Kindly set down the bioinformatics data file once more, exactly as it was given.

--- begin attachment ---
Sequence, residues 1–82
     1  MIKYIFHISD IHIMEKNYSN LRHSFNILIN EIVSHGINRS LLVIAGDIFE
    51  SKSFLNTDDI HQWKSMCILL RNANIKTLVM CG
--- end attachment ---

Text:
Sequence, residues 1–82
     1  MIKYIFHISD IHIMEKNYSN LRHSFNILIN EIVSHGINRS LLVIAGDIFE
    51  SKSFLNTDDI HQWKSMCILL RNANIKTLVM CG